He realized I was not going to let him in and we rode home in silence. I walked in the front door, straight into my room, and proceeded to have a melt down. I wanted to hurt and destroy myself, but knew that wasn’t an option. So instead I began destroying my room (clearly the rational thing to do)—I have done it before, but very very rarely. I emptied all my dresser drawers on the floor (and not in neat piles either). Took off my clothes, threw them across the room and collapsed into a naked ball on the floor. All the while mumbling to myself.

Sparing you the details, the next two hours consisted of closet time on my part, ignoring me on Sidney’s, and yelling on both. It finally culminated when I had enough sense to take my medicine and crawl into bed (needed my mom bad then, she always seems to remember to give me medicine as soon as it starts. Do moms ever stop being right?!). I then proceeded to cry myself to sleep and not move for 12 hours.

At first glance, it can sound like a temper tantrum I likely threw when I was five. I was quite dramatic even at an early age. In fact, one time when I was two I cried and cried and cried when my dad put me to bed. Finally, I stopped and when he came to look in, I had taken off all my clothes (including my diaper!) and curled up to sleep on the floor….sound familiar?!

But here there were a few key differences. I was not mad—I didn’t try to break anything, I purposely avoided hurting Sidney or throwing anything in his direction. I cried, but never yelled anything hateful at Sidney. The feelings were directed at the “voices in my head”. I was not crying or tying to get my way, I was just channeling intense unexplainable feelings of depression and anxiety into action. As the case with many of these “episodes”, I do not even recall the actual events. Majority of what I remember are glimpses here and there but primarily the feelings leading up to and after it.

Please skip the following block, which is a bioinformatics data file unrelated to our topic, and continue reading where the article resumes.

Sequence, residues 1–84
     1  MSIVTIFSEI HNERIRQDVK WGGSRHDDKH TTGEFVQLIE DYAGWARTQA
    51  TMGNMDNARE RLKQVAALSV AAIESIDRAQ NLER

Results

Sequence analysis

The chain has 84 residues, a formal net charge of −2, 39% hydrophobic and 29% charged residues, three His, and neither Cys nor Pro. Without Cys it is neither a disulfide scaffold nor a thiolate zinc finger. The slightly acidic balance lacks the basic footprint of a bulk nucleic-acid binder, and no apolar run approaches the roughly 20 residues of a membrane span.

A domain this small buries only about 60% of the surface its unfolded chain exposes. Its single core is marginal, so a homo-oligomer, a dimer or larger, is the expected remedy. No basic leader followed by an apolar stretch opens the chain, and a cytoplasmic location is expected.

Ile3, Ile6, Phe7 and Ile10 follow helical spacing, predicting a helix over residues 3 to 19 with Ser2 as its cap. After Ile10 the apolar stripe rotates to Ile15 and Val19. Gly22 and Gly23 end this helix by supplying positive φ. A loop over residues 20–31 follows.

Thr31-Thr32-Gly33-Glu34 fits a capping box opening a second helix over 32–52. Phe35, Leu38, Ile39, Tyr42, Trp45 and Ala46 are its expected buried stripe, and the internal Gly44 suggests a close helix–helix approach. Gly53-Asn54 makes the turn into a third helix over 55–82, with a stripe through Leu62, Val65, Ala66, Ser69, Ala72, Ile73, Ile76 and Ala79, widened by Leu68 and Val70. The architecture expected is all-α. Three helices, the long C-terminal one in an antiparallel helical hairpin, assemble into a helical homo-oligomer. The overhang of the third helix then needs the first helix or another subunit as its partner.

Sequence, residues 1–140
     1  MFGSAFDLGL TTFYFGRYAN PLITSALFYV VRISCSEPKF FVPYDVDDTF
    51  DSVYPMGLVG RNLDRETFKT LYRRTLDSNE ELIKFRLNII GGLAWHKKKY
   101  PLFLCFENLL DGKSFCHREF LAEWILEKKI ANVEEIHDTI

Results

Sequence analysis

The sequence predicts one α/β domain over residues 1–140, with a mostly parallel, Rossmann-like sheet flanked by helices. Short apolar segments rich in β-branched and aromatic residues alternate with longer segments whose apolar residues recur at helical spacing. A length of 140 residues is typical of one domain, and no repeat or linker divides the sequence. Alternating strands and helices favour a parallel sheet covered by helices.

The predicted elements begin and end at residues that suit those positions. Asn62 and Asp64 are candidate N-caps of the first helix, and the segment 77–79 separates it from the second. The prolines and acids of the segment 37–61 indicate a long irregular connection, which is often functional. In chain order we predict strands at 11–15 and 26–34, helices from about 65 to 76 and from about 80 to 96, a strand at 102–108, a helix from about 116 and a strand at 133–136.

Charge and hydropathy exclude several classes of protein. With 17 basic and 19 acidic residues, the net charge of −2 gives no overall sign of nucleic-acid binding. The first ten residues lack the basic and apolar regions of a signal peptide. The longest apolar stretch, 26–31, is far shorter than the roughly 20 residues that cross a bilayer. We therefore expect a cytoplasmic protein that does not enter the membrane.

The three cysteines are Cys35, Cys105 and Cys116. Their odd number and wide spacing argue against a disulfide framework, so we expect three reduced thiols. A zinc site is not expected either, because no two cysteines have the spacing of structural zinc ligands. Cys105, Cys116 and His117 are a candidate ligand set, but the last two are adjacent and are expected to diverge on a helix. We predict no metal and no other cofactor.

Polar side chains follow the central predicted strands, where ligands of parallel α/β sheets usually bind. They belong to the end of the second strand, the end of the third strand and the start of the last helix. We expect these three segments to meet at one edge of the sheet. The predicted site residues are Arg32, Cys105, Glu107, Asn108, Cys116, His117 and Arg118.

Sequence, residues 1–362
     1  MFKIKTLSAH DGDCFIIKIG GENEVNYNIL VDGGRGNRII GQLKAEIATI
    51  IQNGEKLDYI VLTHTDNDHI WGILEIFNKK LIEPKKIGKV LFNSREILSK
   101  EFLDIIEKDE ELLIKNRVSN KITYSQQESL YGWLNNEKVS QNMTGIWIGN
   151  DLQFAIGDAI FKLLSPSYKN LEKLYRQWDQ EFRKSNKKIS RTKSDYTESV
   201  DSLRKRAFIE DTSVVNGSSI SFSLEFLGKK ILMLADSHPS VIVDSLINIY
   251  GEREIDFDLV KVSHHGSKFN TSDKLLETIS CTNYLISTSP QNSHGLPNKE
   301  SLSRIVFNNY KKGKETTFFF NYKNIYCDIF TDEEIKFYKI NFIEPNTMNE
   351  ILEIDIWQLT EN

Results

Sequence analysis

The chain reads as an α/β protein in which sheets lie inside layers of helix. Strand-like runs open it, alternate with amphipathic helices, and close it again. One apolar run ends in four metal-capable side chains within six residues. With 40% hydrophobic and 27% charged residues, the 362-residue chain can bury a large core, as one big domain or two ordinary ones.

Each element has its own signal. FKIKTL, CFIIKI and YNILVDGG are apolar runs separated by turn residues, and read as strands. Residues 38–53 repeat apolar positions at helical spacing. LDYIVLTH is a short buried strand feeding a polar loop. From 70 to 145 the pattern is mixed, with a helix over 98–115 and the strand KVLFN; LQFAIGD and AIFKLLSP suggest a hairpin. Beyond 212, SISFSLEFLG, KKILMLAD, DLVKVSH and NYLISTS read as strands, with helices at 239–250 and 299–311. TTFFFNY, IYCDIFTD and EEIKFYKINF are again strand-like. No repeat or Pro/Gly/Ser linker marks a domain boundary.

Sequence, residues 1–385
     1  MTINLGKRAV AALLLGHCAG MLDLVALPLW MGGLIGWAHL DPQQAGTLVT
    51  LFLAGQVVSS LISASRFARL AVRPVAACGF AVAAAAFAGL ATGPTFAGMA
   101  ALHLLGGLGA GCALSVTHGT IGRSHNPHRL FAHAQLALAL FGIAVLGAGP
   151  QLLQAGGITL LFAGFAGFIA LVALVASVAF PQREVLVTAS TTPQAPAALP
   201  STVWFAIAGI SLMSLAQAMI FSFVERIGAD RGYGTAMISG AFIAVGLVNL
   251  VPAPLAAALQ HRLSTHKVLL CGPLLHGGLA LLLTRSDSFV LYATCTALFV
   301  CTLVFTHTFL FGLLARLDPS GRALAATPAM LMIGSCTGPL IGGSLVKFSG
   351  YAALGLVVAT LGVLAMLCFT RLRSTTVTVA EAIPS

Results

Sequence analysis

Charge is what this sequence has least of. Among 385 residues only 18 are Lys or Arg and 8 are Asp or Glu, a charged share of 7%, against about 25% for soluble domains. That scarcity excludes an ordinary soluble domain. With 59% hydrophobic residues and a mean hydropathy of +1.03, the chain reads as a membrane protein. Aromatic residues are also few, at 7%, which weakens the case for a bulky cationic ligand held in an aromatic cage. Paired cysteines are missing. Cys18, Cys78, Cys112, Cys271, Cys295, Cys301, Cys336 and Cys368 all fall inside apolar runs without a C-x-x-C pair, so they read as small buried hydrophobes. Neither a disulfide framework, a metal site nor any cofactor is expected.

All in all, quite a fun night for us both….

Now that I’ve set the stage, the next three posts will look at this “episode” from a few different angles!

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Sidney’s a lucky guy….

Life in my house has been a bit challenging recently.  I mentioned in a previous post that one of the most difficult times of the year for me is Jan/Feb, which means it’s been a difficult time of the year for my husband as well.  I’ve been up, down, around, under, over, and through the rapids….  For Sidney, this means I’m more sensitive, irritable, tearful, angry, distant, and depressed.  I can imagine from his side it can be a bit…or more than a bit…difficult. 

I used to feel guilty that someone would have to marry me and deal with my disease…but after being married I realized he can be a pain in my butt too.  : )  But, more than that—I  now realize Sidney is lucky to be married to someone who is bipolar…..

Here’s why:

Number One: I Never Give Up

My husband and I ran the Chicago Marathon last October.  He convinced me to sign up and since I was training for a half at the time, I agreed.  Then life happened and I dropped off the training routine.  Sidney did not train much, but definitely more than I did. I would run the first half of his runs with him then head home to eat some ice cream, watch a movie, and lay on the couch. Since we had already bought the race enteries we decided to go run anyways.  I said I would run about five miles with him then take one of the vans back and sun tan while I waited for him to finish.  Well—since quit is not in my vocabulary—at five miles I just kept going, and going, and going to 26.2, and ended up beating him by fifteen minutes.  Oh—and I was also a little hung over.